ViVid Strike features none of those things. The military mission structure is absent entirely. We focus around a single team of fighters, and that’s it. There’s nothing larger going on beyond what’s in the octagon ring. No doomsday, no family members in peril, and no mcguffins to collect. The larger world is still okay, regardless of how the fight between Rinne and Fuuka ends. Those fights won’t be grand open-sky battles, but rather quick fist fights or slug fests.
Even though the girls still transform (albeit into older versions of themselves), the transformation doesn’t serve any real purpose to set up the narrative. The girls could have very easily just been older than they are to start with, cut out the transformations, and it’s the exact same show. The fighters can “power up” their strikes, but there’s no actual magic being used. No healing wind, no sonic speed, and no starlight breaker cannons (although Vivio does name her final strike after her mother’s, which I do appreciate).
The trimmings of the aesthetic feel like they’re there, but it just doesn’t feel like Nanoha without any of those elements. It’s a shame because if ViVid had been a magical girl show in the vein of it’s predecessors, I think it would’ve been the unquestioned best entry in the franchise. The pacing is tight, Rinne’s development is great, and the fights are very well choreographed.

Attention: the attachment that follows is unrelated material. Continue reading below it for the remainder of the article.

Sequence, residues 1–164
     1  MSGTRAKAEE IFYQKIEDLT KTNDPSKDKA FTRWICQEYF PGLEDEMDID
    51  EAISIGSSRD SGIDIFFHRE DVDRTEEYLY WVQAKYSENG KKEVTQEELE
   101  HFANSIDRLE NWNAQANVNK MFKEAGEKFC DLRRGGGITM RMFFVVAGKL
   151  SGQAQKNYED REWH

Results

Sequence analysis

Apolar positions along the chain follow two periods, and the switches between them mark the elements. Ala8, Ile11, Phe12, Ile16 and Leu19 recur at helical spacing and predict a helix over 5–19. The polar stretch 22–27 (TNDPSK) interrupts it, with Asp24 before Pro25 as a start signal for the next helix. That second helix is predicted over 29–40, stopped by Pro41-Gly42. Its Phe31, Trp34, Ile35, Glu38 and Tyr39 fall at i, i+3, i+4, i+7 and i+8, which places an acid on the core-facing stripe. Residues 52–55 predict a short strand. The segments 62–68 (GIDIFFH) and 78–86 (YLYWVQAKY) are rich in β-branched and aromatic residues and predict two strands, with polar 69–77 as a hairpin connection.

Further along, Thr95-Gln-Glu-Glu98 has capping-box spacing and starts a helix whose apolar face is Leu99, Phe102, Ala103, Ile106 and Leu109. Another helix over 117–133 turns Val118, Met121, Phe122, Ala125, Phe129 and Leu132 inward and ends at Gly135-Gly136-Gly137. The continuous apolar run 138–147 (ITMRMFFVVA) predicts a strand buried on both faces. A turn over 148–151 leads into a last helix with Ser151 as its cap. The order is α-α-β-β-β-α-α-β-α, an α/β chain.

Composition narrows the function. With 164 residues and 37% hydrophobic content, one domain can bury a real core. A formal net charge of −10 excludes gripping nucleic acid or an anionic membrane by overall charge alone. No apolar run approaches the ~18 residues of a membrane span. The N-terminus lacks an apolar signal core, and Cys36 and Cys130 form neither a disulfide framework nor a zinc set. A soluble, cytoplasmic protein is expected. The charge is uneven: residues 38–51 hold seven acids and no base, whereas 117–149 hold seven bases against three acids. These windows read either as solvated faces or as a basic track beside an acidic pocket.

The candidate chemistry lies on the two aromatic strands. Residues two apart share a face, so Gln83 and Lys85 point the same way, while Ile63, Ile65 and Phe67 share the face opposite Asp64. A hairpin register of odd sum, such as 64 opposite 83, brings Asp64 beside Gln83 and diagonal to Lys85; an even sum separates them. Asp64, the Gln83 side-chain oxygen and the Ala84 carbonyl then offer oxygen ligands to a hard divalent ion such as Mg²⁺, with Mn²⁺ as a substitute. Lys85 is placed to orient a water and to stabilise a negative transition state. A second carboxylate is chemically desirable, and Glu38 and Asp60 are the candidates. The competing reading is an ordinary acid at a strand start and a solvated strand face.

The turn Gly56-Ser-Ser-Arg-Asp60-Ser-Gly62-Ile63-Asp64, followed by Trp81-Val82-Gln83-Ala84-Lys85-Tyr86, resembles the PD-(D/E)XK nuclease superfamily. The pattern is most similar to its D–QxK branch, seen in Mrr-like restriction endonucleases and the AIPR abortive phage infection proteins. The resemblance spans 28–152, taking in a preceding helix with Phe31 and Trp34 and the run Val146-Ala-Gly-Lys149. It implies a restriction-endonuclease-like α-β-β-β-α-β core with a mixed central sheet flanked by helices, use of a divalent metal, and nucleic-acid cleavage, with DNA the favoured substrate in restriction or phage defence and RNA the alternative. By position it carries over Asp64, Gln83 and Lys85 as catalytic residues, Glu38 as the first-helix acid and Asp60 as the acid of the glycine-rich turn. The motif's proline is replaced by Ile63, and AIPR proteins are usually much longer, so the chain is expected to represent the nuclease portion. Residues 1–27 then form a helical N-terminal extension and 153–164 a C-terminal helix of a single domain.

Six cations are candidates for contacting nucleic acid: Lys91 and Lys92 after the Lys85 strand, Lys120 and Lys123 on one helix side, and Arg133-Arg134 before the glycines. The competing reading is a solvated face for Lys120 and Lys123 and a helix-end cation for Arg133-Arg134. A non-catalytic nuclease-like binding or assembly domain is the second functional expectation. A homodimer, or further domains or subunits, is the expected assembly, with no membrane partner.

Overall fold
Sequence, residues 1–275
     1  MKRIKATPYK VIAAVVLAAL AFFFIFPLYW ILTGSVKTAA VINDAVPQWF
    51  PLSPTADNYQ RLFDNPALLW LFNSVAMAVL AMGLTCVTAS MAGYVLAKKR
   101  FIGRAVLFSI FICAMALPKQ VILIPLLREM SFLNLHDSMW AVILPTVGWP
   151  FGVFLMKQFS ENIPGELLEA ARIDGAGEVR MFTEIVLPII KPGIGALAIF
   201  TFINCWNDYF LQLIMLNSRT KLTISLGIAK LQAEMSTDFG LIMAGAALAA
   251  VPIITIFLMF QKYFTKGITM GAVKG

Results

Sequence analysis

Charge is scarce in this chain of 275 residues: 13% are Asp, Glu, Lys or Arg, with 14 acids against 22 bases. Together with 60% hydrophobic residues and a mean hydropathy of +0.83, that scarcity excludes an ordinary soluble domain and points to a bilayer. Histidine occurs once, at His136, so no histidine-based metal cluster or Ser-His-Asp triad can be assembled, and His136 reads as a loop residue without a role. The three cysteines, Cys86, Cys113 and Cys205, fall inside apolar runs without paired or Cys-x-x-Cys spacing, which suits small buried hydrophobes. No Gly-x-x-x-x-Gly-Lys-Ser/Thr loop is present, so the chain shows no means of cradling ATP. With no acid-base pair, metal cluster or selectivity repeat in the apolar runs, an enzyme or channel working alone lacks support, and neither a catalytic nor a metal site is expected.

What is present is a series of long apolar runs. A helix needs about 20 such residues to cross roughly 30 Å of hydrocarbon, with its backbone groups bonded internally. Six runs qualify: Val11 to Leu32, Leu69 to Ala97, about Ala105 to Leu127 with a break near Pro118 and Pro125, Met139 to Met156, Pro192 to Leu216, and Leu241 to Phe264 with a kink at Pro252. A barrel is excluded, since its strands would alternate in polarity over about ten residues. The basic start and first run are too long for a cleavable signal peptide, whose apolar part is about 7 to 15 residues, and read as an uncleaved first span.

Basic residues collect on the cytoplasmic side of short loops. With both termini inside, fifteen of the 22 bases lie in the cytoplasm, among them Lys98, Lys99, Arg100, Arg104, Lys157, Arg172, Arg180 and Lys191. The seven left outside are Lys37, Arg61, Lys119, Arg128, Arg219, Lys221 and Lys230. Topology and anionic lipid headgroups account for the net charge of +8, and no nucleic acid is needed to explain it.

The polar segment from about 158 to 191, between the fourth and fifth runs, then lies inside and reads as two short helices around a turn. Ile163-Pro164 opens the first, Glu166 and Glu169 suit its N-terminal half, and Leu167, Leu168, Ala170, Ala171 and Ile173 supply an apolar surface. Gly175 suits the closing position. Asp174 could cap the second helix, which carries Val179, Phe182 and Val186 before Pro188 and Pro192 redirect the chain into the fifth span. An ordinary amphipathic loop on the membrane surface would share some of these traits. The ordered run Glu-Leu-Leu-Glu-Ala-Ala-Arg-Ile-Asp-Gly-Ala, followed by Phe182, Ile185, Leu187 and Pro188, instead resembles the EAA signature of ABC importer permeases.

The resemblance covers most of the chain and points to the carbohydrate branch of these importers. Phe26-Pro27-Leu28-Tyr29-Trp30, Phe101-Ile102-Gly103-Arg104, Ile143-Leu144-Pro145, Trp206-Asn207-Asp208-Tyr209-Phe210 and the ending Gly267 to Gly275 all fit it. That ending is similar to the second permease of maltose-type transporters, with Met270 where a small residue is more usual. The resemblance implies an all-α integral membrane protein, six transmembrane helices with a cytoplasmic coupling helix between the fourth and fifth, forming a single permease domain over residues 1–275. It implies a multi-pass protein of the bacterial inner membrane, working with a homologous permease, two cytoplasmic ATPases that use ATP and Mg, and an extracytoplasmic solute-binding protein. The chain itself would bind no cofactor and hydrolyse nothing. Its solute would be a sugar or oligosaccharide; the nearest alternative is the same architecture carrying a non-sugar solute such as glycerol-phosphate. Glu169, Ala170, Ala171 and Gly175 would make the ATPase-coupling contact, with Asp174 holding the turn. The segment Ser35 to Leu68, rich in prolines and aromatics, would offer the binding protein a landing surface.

I just can’t get away from the feeling that everything was carried over from the main series partly to cut out some exposition and hook in people who were already Nanoha fans. There are unconfirmed reasons why ViVid was made (such as a conflict with Nanoha’s original seiyuu), but it doesn’t change what I have to say. So although I do recommend watching ViVid Strike when you get the chance, I can’t recommend this as a Nanoha title.